The JSE first announced its crypto aspirations back in August. At that time, the JSE signed a master agreement with Blockstation. For its part, Blockstation would develop the tools for the trading of digital assets and security tokens on the JSE.
Blockstation Making Waves
Blockstation is a true pioneer in the Canadian crypto space. Now the firm seeks to help develop the fledgling STO sector into a major FinTech market. You can expect to hear more from these exciting developers as their JSE project continues. For now, Canada looks to be ready to take the next steps in blockchain adoption.
Veritaseum Hit with $8 Million in SEC Fines
In another example of the SEC turning up the heat on firms, the regulatory body hit Veritaseum and its CEO with hefty fines. Veritaseum had been embroiled in an SEC trial since earlier in the year. The SEC alleged the firm illegally sold securities to investors. Now the company must pay $8 million in fines and judgments as part of its retribution.
As previously reported, Veritaseum LLC, its CEO Reggie Middleton, and a sister firm, registered in NY, Veritaseum Inc. faced serious scrutiny from the SEC for its 2017 – 2018 ICO. During the unregistered coin offering, the firm secured $14.8 million in funding from investors.
By mid-2018, the SEC received numerous complaints of fraudulent activity on the part of Mr. Middleton. For example, the SEC report alleged Middleton downplayed the risks involved in the investment. Additionally, he misrepresented the tokens his company offered.
Tokens are not Coupons
On multiple occasions, he referred to the tokens as securities or software. The report states that at least on one occasion, he told investors the tokens were similar to gift cards.
On top of the troubling miss information campaign, Veritaseum had other shady incidents occur during its now controversial ICO. According to Middleton, the company was the victim of a hacker that stole $8 million from funds raised. Of course, these funds were never recovered. Consequently, the incident added to the black cloud accumulating over the Veritaseum camp.
In August of this year, the SEC responded to investor complaints. The regulatory body sent Middleton a cease-and-desist. As part of the complaint, Middleton’s ability to host an ICO or operate his firms was put on freeze.
SEC Enters Talks
The SEC entered official settlement talks with Veritaseum on OCT 9. This decision followed a postponement of the original trial date until Nov. 14, 2019, by the New York Eastern District Court.
According to reports, Veritaseum must now pay $8.4 million in disgorgement fines. Of these fines, $7,891,600.00 goes to defendant liabilities. Additionally, the company is liable for a civil penalty of up to $1 million and a prejudgment interest amount of $582,535.
Veritaseum Hit Hard
The news hit Veritaseum’s market value hard. Since the start of the trial, Veritaseum lost around 35% of its value. The token fell from around $25 per coin to $15, before rebounding slightly to $18.71.
SEC on the War Path
The SEC has been on a mission to crack down on ICOs from the 2017 crypto craze. Regulators already hit Sia with a $225,000 for its 2017 ICO in which the firm raised $120,000. EOS is another example of the SEC crackdown. The company must pay $24 million for its $4.1 billion 2017 ICO. While both firms faced charges for illegally selling securities, neither had such significant misrepresentation claims put against them as Veritaseum.
Veritaseum is Unique
In this manner, Veritaseum is significant. The firm is still operating but Middleton is no longer able to conduct blockchain crowdfunding ventures. It’s hard to say exactly what the long term effects of the settlement will be. For now, the crypto community must watch and wait patiently to see the results.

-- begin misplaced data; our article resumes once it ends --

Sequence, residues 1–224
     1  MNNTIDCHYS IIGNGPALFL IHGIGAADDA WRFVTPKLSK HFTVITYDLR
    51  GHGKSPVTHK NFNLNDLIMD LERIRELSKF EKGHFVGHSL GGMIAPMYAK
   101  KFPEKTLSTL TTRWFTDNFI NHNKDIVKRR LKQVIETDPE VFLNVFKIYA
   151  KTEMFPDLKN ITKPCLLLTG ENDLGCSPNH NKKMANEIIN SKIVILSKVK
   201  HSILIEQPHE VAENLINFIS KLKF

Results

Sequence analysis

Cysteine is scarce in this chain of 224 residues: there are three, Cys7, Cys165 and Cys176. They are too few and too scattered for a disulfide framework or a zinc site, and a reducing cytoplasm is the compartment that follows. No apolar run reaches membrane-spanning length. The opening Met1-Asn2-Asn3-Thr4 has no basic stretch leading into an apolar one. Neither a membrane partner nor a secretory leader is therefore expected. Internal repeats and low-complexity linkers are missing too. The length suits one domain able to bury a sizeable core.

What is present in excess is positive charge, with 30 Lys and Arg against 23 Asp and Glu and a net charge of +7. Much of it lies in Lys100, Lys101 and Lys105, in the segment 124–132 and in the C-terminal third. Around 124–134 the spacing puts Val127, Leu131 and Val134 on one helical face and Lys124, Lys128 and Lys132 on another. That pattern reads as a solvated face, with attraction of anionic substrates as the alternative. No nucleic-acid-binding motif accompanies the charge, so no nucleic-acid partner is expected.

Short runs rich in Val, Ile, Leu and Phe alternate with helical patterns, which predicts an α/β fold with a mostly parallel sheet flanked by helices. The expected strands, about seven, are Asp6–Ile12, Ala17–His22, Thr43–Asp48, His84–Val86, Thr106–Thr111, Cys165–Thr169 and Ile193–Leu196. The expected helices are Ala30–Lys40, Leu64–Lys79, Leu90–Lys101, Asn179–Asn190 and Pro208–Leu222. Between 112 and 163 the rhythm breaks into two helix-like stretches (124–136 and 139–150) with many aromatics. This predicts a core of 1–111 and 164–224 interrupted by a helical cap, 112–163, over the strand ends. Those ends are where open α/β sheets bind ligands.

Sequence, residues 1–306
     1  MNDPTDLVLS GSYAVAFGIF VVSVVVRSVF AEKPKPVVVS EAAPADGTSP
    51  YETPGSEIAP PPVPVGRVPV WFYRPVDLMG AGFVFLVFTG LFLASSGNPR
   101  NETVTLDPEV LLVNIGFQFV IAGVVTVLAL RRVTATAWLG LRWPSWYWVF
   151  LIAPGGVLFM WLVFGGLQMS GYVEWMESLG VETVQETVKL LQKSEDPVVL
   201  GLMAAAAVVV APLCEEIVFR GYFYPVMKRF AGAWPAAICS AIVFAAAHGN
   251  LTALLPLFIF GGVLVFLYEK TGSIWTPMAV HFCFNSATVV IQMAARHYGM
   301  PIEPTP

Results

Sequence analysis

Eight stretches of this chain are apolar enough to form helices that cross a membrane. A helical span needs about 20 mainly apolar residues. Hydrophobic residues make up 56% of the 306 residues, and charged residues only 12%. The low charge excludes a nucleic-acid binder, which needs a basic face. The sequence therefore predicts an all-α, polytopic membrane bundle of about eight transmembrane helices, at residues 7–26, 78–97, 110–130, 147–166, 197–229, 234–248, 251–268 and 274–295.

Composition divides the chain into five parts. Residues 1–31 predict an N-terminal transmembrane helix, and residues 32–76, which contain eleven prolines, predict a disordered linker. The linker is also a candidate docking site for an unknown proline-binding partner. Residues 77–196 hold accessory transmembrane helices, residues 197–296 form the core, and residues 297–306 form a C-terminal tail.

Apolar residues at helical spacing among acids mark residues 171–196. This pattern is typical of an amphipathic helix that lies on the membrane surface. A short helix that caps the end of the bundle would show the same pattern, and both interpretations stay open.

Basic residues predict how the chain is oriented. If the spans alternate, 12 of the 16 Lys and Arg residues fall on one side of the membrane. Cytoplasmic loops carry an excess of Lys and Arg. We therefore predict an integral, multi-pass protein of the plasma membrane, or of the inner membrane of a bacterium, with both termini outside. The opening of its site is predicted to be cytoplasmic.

Harbor Approved by SEC as Transfer Agent
Harbor, a tokenization platform, has recently announced that they have successfully been awarded a ‘transfer agent’ licence by the Securities and Exchange Commission.
This new role will allow Harbor to act as a regulated financial bookkeeper. More specifically, this role “…involves recording transactional data, including asset ownership, and more. Transfer Agents are typically utilized by companies which have issued some form of security.”
This development caps off a productive few months, which also saw Harbor become a registered broker/dealer.
With these two new designations bestowed upon them, the company gains a significant amount of flexibility in the services which they can offer clientele. In a nascent industry, in which most companies are battling to establish themselves, this flexibility should prove to be a major boon to Harbor.
Harbor CEO, Josh Stein, commented on the need of companies within the digital securities sector, and how Harbor is doing their part to help them.
“…companies need solutions to compliantly manage the investment lifecycle, which includes working with licensed broker-dealers and registered transfer agents…Harbor provides these services along with a common technology platform that integrates compliance and custody and enables the traditional private capital ecosystem of issuers, broker-dealers and placement agents.”
While there may be various reasons as to why Harbor applied to become a transfer agent, the ability to offer Reg A+ investment opportunities ranks at the top of their list.
Harbor CEO, Josh Stein, had the following to say on the importance of this type of structuring.
“Reg. A is really a sweet spot for many companies looking to raise capital, including blockchain companies wanting to get their tokens into the hands of a broad user base and offer potential for liquidity from day one.”
Investment opportunities operating under Reg. A+ are unique in their flexibility, as they are open to, not only accredited, but retail investors alike. Furthermore, they allow for a company to raise as much as $50M in a capital generation event. The main caveat is that a transfer agent is required to oversee the process in order to remain compliant – a title that Harbor now holds.
A United States based company, Harbor, specializes as a tokenization platform. The company, which was founded in 2017, currently sees its operations spearheaded by CEO, Josh Stein.
In the time since their launch, Harbor has contributed more than most, to the digital securities sector. A few of these contributions include, not only the development of a specialized token standard for digital securities (R-Token), but the facilitating the tokenization of large real estate funds.
In Other News
For those interested in learning about industry competitors holding similar licensing to Harbor, make sure to read the following article. Here, we briefly discuss, not only the roles associated with these titles, but companies which hold them.